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When my first son was about 3 months old he was sleeping in 8 hour spans. I never had too sleep train him - and I felt like I hit the sleep lottery with that child! In fact my husband and I were so amazed that we immediately planned our second child thinking they could very well be similar in regards to sleep patterns... and that makes this whole parenting thing sooo much easier. Well fast forward 15 months baby number 2 arrived and we didn't get more than a couple hours sleep for almost a year. It took forever to get him to sleep through the night, I truly understood the meaning of "you'll never sleep again" cause we felt like our days of getting a good night sleep were far behind us.

Its true that around the 3 month mark your child's sleep patterns will typically change on their own, even if its not in 8-10 hour spans you'll likely be on a different routine. But this doesn't necessarily mean your baby will have the ability to go to sleep on their own - there still may be a significant amount of routine involved to soothe your child back to sleep. Unfortunately, every child is different in their needs so there isn't a one size fits all approach to sleep training, you'll have to determine what works best foryour child. Once you get the swing of things, good sleep training teaches your baby to self soothe and fall asleep all on their own.

All in all, babies need some form of sleep training - and the French believe this needs to start right from the start. let me introduce the French way of getting your baby to sleep through the night.

The Pause

French parenting is having a moment. Maybe its the fact that French kids seem so well adjusted and independent. Maybe because French infants sleep in longer spans and earlier than American babies - or maybe because the French like to create an organized system for almost everything! Whatever it is French parenting is getting a lot of attention.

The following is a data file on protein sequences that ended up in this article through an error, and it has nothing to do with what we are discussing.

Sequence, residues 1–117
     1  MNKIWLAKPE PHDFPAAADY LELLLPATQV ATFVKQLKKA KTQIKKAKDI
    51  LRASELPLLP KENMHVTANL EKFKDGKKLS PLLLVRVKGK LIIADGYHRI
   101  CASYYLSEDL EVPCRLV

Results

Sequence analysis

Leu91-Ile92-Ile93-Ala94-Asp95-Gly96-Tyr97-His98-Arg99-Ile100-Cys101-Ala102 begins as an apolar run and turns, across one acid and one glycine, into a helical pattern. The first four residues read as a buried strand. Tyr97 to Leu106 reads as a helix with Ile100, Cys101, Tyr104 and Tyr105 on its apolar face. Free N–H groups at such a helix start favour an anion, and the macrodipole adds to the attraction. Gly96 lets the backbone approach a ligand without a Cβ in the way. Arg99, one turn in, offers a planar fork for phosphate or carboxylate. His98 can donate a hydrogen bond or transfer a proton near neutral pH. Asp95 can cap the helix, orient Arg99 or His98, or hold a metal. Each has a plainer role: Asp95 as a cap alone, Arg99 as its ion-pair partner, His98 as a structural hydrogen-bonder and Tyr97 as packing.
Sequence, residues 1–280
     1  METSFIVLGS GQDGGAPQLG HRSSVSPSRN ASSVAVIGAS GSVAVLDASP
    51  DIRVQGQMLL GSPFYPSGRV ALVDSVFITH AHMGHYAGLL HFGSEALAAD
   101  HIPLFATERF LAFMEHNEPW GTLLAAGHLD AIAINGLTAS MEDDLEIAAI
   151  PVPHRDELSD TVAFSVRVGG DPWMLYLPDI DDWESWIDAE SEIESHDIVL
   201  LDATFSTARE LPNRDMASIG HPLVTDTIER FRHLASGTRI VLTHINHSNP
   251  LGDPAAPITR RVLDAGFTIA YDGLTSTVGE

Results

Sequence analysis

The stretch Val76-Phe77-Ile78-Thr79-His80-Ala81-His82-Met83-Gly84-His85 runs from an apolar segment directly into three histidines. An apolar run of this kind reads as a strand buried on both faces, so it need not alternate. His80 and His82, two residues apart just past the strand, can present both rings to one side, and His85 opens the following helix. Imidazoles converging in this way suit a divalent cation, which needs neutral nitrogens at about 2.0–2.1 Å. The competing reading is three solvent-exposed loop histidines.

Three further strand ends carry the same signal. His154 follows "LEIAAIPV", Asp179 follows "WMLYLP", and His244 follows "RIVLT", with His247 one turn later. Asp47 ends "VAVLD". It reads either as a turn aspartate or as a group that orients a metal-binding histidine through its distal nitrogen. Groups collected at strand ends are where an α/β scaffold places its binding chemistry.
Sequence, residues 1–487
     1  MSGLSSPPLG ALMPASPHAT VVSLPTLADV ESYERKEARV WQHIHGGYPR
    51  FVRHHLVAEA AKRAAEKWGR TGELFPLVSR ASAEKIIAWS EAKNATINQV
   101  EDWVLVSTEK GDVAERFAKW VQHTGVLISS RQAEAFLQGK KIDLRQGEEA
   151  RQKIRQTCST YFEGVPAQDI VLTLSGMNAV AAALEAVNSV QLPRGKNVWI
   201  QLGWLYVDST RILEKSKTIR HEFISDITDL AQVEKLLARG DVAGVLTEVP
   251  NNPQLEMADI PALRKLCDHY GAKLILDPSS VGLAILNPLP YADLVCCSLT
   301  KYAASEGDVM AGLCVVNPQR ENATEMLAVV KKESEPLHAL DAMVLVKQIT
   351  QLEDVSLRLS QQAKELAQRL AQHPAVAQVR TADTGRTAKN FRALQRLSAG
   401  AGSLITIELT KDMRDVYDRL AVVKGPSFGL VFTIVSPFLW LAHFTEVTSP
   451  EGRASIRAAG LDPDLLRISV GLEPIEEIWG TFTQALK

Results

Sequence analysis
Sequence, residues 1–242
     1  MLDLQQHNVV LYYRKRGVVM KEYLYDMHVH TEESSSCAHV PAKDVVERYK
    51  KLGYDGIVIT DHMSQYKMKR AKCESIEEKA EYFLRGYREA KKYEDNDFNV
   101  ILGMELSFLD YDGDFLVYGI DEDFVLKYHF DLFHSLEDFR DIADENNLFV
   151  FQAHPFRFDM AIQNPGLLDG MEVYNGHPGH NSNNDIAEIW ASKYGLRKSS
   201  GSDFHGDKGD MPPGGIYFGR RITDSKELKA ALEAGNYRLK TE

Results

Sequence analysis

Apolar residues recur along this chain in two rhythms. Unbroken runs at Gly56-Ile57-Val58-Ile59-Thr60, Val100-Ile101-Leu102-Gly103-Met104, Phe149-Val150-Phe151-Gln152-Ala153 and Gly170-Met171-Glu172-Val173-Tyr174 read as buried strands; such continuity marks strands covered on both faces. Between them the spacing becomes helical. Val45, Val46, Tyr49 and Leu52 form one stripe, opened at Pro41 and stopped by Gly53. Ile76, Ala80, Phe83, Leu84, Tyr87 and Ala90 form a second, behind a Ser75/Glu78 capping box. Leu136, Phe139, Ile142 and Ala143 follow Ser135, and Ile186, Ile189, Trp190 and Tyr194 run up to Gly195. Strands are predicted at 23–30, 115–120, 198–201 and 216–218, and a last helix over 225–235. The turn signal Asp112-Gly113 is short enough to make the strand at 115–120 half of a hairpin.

Sleep training the French way? Its simple just pause. Well maybe it's not all that simple it just takes consistency and fighting the motherly urge to intervene, which is easier said than done. The French pause technique is very different than the self soothing techniques popular in the U.S. that have gotten some negative attention, which is more typically the 'cry it out' method. Using the French pause is actually a more delicate technique.

Once you put your baby down and want them to sleep you step away, leave the room and let them fuss if they need to - the key is knowing if your baby is in true need of you and needs to be calmed, fed, soothed, or if they are just being well... a baby... and being fussy. So give it a couple minutes every time you put your child down to sleep increasing how long you stay away on a regular basis, every couple days or weekly. Starting maybe with 2 minutes of crying before you walk in then increasing it a minute to 3 minutes a week later...etc. Before long your infant will soon learn intuitively that you won't come running in at every little cry and begin to self smooth and fall asleep on their own.

I'm also going to go a step further and commend the concept of the pause technique through toddlerhood - but not for a sleep aid, for a technique that teaches our kids there is no instant gratification. If my kids want something I don't get up and get it right away - unless its a bandaid or a call to the doctor! My kids have developed much independence and met their own needs many times because I didn't not jump at every command.

Do you have any sleep training techniques you use on your littles? let me know in the comments!

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